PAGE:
foo bar() { return foo(); }
  std::vector<foo*> bar2() { 
    return std::vector<foo*>(1, new foo); 
  } 
%}

%template(FooVec) std::vector<foo*>;

Which we can then run:

Python 2.7.3 (default, Aug  1 2012, 05:16:07) 
[GCC 4.6.3] on linux2
Type "help", "copyright", "credits" or "license" for more information.
>>> import test
>>> print test.bar2()
<test.FooVec; proxy of <Swig Object of type 'std::vector< foo * > *' at 0xb7655a70> >
>>> 

This does leak, but crucially doesn't show the warning you noticed, because as far as SWIG is concerned the std::vector itself has been correctly deleted (the exact same semantics as in C++ in fact).

As far as how to deal with the leak there the options are the same as usual in C++. Personally I'd try to avoid putting raw pointers in a vector unless you really want the objects pointed at to outlive the vector. Basically you can:

  1. Not store pointers in the struct
  2. Use smart pointers (std::shared_ptr or std::unique_ptr or boost equivalents instead).
  3. Manage the memory manually somehow.

We've already done 1 in the second example. With SWIG 2 is pretty simple as well and 3 is a question of writing and wrapping another function in your interface.

%module test

%include <std_vector.i>
%include <std_shared_ptr.i>

%{
#include <memory>
%}

%inline %{
  struct foo {};
  foo bar() { return foo(); }
  std::vector<std::shared_ptr<foo> > bar2() { 
    return std::vector<std::shared_ptr<foo> >(1, std::make_shared<foo>()); 
  } 
%}

%shared_ptr(Foo);
%template(FooVec) std::vector<std::shared_ptr<foo> >;
Python 2.7.3 (default, Aug  1 2012, 05:16:07) 
[GCC 4.6.3] on linux2
Type "help", "copyright", "credits" or "license" for more information.
>>> import test
>>> print test.bar2()
<test.FooVec; proxy of <Swig Object of type 'std::vector< std::shared_ptr< foo >,std::allocator< std::shared_ptr< foo > > > *' at 0xb76f4a70> >
>>> print test.bar2()[0]
<Swig Object of type 'std::vector< std::shared_ptr< foo > >::value_type *' at 0xb76f4a70>
>>> 

Which works, stores shared pointers and doesn't leak.

If you really want to do the third way (I'd avoid it at all cost given that it leaves your interface open to human errors) the easiest way to do it with SWIG is to use %extend, for example:

%module test

%include <std_vector.i>

%inline %{
  struct foo {};
  foo bar() { return foo(); }
  std::vector<foo*> bar2() { 
    return std::vector<foo*>(1, new foo);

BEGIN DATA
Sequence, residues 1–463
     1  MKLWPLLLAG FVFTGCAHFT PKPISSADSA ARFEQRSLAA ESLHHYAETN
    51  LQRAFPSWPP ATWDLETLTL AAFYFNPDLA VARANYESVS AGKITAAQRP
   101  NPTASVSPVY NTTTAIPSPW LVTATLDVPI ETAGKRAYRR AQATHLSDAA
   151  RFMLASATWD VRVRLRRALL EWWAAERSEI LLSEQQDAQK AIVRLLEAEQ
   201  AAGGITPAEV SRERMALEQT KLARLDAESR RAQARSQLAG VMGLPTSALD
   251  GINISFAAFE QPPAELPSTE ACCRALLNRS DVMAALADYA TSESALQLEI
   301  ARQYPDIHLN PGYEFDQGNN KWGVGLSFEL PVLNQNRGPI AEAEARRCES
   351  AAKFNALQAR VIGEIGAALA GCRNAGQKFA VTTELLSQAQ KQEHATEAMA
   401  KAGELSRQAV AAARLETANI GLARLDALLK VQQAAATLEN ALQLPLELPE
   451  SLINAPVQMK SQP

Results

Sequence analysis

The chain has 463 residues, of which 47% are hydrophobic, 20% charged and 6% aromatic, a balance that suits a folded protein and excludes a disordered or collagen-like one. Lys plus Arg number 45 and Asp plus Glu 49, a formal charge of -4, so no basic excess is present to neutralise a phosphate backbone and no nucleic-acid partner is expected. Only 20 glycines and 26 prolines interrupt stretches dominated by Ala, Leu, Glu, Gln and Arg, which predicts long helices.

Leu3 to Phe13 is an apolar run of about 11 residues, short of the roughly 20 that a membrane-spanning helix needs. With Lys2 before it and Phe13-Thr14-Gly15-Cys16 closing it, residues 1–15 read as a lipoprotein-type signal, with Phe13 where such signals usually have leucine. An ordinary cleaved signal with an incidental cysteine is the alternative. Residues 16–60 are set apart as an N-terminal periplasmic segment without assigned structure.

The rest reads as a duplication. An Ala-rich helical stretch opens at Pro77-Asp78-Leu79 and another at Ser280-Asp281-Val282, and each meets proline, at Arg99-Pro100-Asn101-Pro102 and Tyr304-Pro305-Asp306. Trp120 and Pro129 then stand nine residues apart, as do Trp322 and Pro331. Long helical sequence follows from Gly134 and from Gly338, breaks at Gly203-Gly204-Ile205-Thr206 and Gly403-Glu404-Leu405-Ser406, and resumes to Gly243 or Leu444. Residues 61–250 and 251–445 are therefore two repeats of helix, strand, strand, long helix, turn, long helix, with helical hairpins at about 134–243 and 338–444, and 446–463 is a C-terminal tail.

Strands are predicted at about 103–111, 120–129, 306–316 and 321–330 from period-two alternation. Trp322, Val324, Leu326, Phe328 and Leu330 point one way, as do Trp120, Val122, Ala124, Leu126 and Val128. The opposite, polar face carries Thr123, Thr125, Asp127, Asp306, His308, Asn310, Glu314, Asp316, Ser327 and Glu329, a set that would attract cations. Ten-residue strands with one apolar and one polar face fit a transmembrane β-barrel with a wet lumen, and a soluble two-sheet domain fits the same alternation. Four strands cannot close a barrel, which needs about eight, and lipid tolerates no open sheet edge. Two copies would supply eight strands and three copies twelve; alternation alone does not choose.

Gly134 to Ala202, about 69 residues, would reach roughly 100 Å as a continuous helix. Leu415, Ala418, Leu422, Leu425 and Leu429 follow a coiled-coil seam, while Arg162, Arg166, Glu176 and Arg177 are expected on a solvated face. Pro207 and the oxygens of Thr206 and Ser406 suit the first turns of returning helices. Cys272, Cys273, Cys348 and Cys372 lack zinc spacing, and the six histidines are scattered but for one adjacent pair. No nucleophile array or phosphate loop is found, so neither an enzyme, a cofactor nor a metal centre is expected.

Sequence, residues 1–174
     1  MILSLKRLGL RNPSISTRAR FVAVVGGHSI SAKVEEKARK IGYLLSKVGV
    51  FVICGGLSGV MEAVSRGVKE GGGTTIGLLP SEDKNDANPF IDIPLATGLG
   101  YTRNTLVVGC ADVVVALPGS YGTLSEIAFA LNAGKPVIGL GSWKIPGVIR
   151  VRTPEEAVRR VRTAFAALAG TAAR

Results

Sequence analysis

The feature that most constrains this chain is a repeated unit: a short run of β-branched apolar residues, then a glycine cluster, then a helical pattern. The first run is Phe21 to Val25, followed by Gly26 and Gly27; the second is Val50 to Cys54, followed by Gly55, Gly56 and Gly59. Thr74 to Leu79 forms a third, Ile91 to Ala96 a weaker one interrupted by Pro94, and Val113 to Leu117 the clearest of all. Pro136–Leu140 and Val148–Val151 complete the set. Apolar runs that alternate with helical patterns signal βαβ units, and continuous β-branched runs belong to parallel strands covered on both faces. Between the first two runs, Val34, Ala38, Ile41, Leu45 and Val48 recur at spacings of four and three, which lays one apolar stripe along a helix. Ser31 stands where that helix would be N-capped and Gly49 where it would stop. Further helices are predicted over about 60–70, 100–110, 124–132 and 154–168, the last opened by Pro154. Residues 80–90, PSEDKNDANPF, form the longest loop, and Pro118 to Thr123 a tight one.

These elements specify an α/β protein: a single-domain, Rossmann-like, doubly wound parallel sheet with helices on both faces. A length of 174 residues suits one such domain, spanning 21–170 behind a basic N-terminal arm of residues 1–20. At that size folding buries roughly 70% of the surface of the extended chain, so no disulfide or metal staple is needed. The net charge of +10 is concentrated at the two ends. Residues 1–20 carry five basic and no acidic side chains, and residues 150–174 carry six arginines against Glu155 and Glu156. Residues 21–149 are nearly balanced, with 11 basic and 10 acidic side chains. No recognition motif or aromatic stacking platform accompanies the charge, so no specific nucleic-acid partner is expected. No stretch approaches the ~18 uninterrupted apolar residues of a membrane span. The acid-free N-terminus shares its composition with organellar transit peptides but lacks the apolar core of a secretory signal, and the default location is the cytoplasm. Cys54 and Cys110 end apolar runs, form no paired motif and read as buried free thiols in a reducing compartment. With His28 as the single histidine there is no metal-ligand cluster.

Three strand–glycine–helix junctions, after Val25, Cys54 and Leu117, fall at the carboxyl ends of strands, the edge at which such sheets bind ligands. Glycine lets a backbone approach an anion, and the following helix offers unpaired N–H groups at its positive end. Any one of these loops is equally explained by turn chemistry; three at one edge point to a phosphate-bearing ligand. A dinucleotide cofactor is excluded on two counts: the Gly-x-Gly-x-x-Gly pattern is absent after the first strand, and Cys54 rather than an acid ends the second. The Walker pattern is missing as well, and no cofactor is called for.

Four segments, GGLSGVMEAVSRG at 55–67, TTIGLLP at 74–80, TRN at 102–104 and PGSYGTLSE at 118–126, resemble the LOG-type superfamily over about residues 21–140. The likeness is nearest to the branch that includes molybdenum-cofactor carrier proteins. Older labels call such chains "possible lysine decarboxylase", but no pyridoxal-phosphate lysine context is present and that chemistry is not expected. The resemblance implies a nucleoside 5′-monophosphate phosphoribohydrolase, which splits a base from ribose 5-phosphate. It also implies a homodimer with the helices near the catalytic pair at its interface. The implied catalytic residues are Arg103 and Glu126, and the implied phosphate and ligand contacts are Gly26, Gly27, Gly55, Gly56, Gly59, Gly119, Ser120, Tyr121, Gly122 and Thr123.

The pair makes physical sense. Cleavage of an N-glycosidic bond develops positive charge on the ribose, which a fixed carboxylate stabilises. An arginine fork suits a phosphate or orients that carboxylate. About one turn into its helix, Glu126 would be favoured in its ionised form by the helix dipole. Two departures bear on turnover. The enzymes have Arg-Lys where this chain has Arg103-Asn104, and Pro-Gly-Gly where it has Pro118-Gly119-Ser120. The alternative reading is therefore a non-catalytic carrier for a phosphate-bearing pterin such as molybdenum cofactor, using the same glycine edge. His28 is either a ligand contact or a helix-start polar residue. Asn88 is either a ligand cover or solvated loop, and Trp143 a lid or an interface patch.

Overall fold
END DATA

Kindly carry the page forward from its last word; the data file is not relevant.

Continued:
} 
%}

%template(FooVec) std::vector<foo*>;

%extend std::vector<foo*> {
  void empty_and_delete() {
    for (std::vector<foo*>::iterator it = $self->begin(); 
         it != $self->end(); ++it) {
      delete *it;
    }
    $self->clear();
  }
}

The we can do:

Python 2.7.3 (default, Aug  1 2012, 05:16:07) 
[GCC 4.6.3] on linux2
Type "help", "copyright", "credits" or "license" for more information.
>>> import test
>>> x = test.bar2()
>>> print x.size()
1
>>> x.empty_and_delete()
>>> print x.size()
0
>>> 

Or you could use %pythoncode to modify __del__ to call the function automatically, but that would be a bad idea because it wouldn't affect objects Python never sees at all and could lead to unexpected behaviour in a few cases.

share|improve this answer
2  
wow, very very impressive –  Mooing Duck Nov 27 '12 at 21:54
1  
Brilliant analysis. Just when I thought I understood the SWIG interface file I see that I still don't get it. Can you explain why moving %{ struct foo {}; %} to inline –  Jason Nov 28 '12 at 10:09
1  
@Jason everything inside %{ %} is passed through as-is to the generated wrapper file, but it's not "exposed" directly to the target language. You normally put "stuff that's needed for the generated interface to compile correctly" inside that, typically #include or other mechanics you want to rely upon. Stuff that's seen plain inside a SWIG interface file is wrapped, but the definition/declaration is not passed to the generated interface file directly. %inline is a shortcut to say "I want to wrap this and pass the declaration/definition through verbatim" –  Flexo Nov 28 '12 at 14:11
1  
So it could also be written as %{ struct foo {}; %} struct foo {}; instead of using %inline. The important thing is that struct foo {}; in a SWIG interface is not the same as struct foo; - the former implies a default destructor/constructor as needed, but the latter implies an opaque pointer that can only be used as a handle. –  Flexo Nov 28 '12 at 14:12
1  
Thanks again for clear explanation. Very much appreciated!! –  Jason Nov 29 '12 at 11:30